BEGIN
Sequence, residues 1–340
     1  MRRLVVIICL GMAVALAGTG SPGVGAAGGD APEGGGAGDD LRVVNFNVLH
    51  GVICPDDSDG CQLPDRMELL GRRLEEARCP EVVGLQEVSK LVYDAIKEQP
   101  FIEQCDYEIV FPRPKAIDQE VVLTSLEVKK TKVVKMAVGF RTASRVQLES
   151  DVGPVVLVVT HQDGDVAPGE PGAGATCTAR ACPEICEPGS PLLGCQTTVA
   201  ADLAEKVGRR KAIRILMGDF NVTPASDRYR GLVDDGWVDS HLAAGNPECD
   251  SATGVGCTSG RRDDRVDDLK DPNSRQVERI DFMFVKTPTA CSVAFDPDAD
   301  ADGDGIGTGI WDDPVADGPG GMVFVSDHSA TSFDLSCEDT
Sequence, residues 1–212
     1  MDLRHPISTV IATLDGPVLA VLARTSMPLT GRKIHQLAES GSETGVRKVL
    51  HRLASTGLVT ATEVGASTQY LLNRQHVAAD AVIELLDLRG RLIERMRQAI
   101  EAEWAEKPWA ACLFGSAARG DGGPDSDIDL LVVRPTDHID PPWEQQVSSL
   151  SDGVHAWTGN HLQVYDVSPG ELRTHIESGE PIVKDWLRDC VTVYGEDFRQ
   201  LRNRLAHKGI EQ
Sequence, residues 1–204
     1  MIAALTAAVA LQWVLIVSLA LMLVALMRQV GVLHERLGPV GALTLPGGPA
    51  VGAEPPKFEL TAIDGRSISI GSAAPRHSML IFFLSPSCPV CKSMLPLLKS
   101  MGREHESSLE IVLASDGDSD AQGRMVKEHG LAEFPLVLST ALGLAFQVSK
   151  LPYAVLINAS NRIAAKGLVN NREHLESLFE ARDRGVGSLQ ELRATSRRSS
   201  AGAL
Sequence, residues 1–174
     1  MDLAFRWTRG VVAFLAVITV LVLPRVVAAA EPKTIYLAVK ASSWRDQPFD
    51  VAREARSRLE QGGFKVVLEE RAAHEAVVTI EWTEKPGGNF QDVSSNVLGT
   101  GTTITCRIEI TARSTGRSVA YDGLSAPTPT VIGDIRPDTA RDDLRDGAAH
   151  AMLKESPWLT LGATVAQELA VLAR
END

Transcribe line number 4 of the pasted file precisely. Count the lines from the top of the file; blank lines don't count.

   101  FIEQCDYEIV FPRPKAIDQE VVLTSLEVKK TKVVKMAVGF RTASRVQLES